While working on this manuscript, I spent a lot of time looking in the mirror, trying to really see myself, and observing other black women around me—my mother, my sister, my friends. I thought about the color brown a lot, all of its clichés and comparisons: chestnut, mahogany… burnt umber? No-no, calling a black person “burnt” is an insult. And how to describe a handsome black man? “Chocolate”—despite its overuse—is always tempting as easy shorthand for desirability… but no, I decided I’d have to focus on the smoothness and richness of his skin, and rely on other metaphors. And how to avoid the clichéd language around a black woman’s gestures and gesticulations, her presence? How to describe the roll of the hips as she walks through the world, the movement of her hands to punctuate and perpetuate the momentum of her speech. The process was extraordinarily difficult, finding the words to match the magnificence of the black woman, language that would let her exist as a full human being in the minds of both black and non-black people—not a cut-out, not a cliché, not a stereotype. Bold, perhaps even proud.
And then there was the problem of her spoken language. The black women I know, including myself, are chameleons, able to switch linguistic modes based on the spaces they find themselves in, usually contingent on whether a white person is around. There is drama in this kind of code-switching (Russian literary critic Mikhail Bakhtin coined the term “heteroglossia” to describe multiple versions of a single language coexisting, and suggested the conflict created from that variety was good for fiction. Similarly, W.E.B. DuBois described the double-consciousness of the African-American forced to toggle between the American experience and Black experience.) To take DuBois’s idea one step further, the black woman has to deal with a triple-consciousness, as being American, black, and a woman can all come into conflict within one individual. My fingers always halted on the keyboard when I had to make my black female characters speak, as my brain worked through multiple registers of speech, like one of those overwhelmed switchboard operators from an old movie. I wanted my black women characters to speak that sacred, lively, and often boisterous language I think of as “kitchen talk,” that mocks white and black alike, is unafraid, real. Each time I wrote and revised, revised and wrote some more, I had to confront my fears, that someone would judge African-American Vernacular (AAVE) as less beautiful and melodic than standard English, that any non-black reader would disengage from the story from the moment he or she saw a double negative or gerund that didn’t end with a “g.” To be honest about black womanhood, its mistakes, its triumphs, is to make a reader see it as complex and dizzying as white womanhood.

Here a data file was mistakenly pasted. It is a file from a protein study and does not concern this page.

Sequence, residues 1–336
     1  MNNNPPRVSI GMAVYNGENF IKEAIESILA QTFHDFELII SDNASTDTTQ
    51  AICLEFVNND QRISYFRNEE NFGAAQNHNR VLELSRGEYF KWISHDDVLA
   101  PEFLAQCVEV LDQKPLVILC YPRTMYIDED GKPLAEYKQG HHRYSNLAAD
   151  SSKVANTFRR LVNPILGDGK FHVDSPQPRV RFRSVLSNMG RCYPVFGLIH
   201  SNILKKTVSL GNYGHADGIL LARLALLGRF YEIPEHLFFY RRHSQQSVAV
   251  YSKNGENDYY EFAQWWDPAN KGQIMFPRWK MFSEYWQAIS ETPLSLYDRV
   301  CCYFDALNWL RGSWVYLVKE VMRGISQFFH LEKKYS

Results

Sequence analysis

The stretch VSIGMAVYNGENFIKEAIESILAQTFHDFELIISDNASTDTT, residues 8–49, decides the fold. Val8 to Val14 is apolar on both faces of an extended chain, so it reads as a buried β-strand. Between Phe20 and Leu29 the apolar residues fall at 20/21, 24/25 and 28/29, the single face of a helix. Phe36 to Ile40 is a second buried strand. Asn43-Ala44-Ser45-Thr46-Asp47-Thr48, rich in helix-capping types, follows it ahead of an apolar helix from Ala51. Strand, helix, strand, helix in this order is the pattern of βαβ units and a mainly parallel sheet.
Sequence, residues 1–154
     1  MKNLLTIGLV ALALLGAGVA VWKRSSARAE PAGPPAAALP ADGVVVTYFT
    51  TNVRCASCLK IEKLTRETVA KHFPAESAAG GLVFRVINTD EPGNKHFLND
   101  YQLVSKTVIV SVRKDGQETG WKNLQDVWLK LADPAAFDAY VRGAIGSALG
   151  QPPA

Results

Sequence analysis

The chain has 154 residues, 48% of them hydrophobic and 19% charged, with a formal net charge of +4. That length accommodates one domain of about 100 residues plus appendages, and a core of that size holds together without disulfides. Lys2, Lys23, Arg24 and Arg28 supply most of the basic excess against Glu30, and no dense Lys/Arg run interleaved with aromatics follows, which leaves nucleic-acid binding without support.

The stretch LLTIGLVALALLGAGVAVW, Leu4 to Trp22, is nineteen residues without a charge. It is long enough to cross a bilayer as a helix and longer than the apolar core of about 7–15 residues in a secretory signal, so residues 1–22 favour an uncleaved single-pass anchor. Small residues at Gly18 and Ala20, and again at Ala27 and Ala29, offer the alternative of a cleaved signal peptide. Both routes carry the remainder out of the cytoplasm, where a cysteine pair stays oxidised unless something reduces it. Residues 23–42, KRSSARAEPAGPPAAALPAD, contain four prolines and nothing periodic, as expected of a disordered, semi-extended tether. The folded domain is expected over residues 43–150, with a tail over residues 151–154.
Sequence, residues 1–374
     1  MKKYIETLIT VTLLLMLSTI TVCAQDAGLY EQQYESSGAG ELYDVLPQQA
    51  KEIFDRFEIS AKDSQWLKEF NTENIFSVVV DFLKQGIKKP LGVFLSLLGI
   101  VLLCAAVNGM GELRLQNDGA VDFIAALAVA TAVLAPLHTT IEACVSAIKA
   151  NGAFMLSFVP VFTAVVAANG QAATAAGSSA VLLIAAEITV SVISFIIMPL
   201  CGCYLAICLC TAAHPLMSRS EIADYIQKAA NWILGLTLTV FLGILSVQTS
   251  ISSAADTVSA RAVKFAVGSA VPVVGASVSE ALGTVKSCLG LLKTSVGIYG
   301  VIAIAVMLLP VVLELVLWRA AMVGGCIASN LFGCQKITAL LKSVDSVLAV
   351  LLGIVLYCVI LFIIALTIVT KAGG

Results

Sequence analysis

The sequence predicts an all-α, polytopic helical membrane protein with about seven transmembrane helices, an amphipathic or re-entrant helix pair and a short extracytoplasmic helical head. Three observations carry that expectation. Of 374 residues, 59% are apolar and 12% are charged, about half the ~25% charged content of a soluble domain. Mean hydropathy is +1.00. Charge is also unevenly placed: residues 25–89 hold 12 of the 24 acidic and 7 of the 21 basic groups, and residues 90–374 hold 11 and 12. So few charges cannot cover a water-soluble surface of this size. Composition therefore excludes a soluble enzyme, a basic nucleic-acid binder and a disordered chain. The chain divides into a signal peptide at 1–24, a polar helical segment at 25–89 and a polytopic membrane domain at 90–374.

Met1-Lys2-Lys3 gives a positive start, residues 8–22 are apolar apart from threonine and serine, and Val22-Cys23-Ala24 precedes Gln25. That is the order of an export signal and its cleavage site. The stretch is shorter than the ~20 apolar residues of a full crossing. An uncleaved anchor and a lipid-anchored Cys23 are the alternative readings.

I looked for myself in my words, in these descriptions of characters like me—I was uncomfortable and uplifted all at once by the reflection I found there. My hope is to create imperfect, multitudinous black women who are more in tune with themselves than their audiences. If I can’t eradicate my fears then at least I can work around them and make sure they don’t get in the way of allowing my characters to breathe and move as they should. That’s the greatest gift I can give my protagonists. And my greatest gift to you, the reader.
Feature image, detail from Archibald J. Motley, Jr.’s Brown Girl After the Bath, 1931.